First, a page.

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Video Breakthroughs
Monitoring innovations in post-production, head-end, streaming, OTT, second-screen, UHDTV, multiscreen strategies & tools
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Integrating DLNA with the CDN to optimize whole home TV

Integrating DLNA with the CDN to optimize whole home TV | Video Breakthroughs | Scoop.it

ACCESS has been presenting a vision of how Pay TV operators can start to marry their broadcast/VOD infrastructure with multiscreen/OTT delivery infrastructure and treat them as a shared resource to optimize the delivery of content to multiple devices around the home, including televisions. It uses its Netfront Living Connect DLNA stack and client software to provide a central view of what each device is capable of and what is currently happening on that device to then manage whole-home resources.

 

Content can be distributed using the new DLNA Commercial Video Profile-2 (CVP-2), which was developed with the cooperation of service providers to enable more secure playback of their content across multiscreen devices. It also gives them more control over the user interface on different devices. CVP-2 leverages HTML5 Remote User Interfaces (RUIs) and HTTP Adaptive Delivery and Authentication on top of the DTCP-IP-based link layer protection, which was already available. ACCESS is actually demonstrating NetFront Living Connect with CVP-2 at the DLNA Members meeting in Hawaii today (Thursday October 10).

 

In this new architecture, DLNA acts as an abstraction layer. Not only does it provide a unified view of activity across diverse devices, it also means platform operators can avoid writing native apps for each DLNA-enabled device. You still need a software client to reach them but not the unique applications development work. “DLNA is a way to overcome device fragmentation,” says Larbey at Alcatel-Lucent.

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France Telecom’s Viaccess hooks up second screen with DEEP (Data Enrichment and Engagement Platform)

France Telecom’s Viaccess hooks up second screen with DEEP (Data Enrichment and Engagement Platform) | Video Breakthroughs | Scoop.it

France Telecom’s Viaccess-Orca launched a service package for second screen integration and engagement with a focus on enhanced metadata at IBC2012.

 

Called DEEP (Data Enrichment and Engagement Platform), the package enables pay TV operators to link PCs, tablets, smart phones, games consoles and other IP devices in the home more tightly to the service, and stimulate further activity around the content.

 

DEEP builds on existing standards such as DLNA (Digital Living Network Alliance) and UPnP (Universal Plug and Play) that facilitate automatic device discovery, and also on browser technology, adding new metadata creation methods developed by Viaccess-Orca itself, along with key contributions from two partners, TVersity and Audible Magic. TVersity provides the media server technology on top of DLNA, UPnP or the browser to enable devices to exchange content, supporting games consoles, most set top boxes, Blu-ray players, smart TVs, phones, PCs, and tablets. This comes as software loaded onto a PC, which can then discover devices automatically if they are DLNA or UPnP client. If not then the device can join in by pointing its browser to the PC.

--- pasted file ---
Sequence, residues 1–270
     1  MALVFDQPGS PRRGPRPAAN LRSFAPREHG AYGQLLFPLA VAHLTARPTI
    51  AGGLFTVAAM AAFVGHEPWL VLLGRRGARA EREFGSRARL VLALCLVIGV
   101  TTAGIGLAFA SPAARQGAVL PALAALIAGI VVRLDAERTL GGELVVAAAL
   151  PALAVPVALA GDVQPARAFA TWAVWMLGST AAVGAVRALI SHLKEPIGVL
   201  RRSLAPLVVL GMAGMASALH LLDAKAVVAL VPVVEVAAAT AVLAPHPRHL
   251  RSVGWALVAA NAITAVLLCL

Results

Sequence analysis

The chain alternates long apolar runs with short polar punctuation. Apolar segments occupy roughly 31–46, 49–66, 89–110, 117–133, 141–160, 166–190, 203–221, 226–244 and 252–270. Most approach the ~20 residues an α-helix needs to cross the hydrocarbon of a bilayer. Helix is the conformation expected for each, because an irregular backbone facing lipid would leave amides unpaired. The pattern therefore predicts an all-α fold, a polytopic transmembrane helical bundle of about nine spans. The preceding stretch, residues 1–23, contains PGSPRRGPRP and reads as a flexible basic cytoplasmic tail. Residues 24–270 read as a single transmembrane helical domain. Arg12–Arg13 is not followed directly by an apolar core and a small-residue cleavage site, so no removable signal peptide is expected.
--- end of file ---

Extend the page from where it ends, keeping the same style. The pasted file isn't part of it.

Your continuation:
Audible Magic’s contribution is its patented SmartID and CopySense automated content recognition (ACR) system using digital fingerprint technology to identify content by analyzing either audio or video image signals. Audible Magic claims that the system identifies content correctly over 99 percent of the time with zero false positives, at sub-second response time, and can do it on video clips down to five seconds in length.

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DLNA premium video support big step for connected home

DLNA premium video support big step for connected home | Video Breakthroughs | Scoop.it

The DLNA’s support for streaming of premium content within the home, announced at IBC and initially for Europe only, is a major milestone in the evolution of connected home services. The move might have come sooner, but DLNA was waiting for maturation of the key underlying technology, DTCP-IP (Digital Transmission Content Protection over IP) to ensure safe and yet transparent delivery of content over IP networks. DTCP itself evolved in the mid 1990s, developed by chip maker Intel in conjunction with four major CE (consumer electronics) companies, Hitachi, Panasonic, Sony and Toshiba.

 

Apart from satisfying content owners, there is another important reason for DLNA’s adoption of DTCP-IP for copy protection around the home, which is to enable consumers to exercise their digital rights to the full. To do this, DTCP-IP enables operators to enforce multi-level rights dependent on the content.

 

DTCP-IP allows consumers to copy and record content subject to permission from the operator or rights holder. The rights are specified in a licence issued by the Digital Transmission Licensing Administrator (DTLA), details of which can be obtained from its website. The idea is that the licence encodes rules into the content, so that, for example, free-to-air terrestrial broadcasts could be recorded and copied without any restriction. In the case of subscription channels, consumers may be allowed to record content for their own subsequent viewing, but not copy it for sending to friends. Then premium content such as movies or live sports purchased on demand or pay-per-view via a specific transaction would probably be fully protected against recording and copying.

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DLNA Premium Video sends protected TV shows and film to any DLNA device

DLNA Premium Video sends protected TV shows and film to any DLNA device | Video Breakthroughs | Scoop.it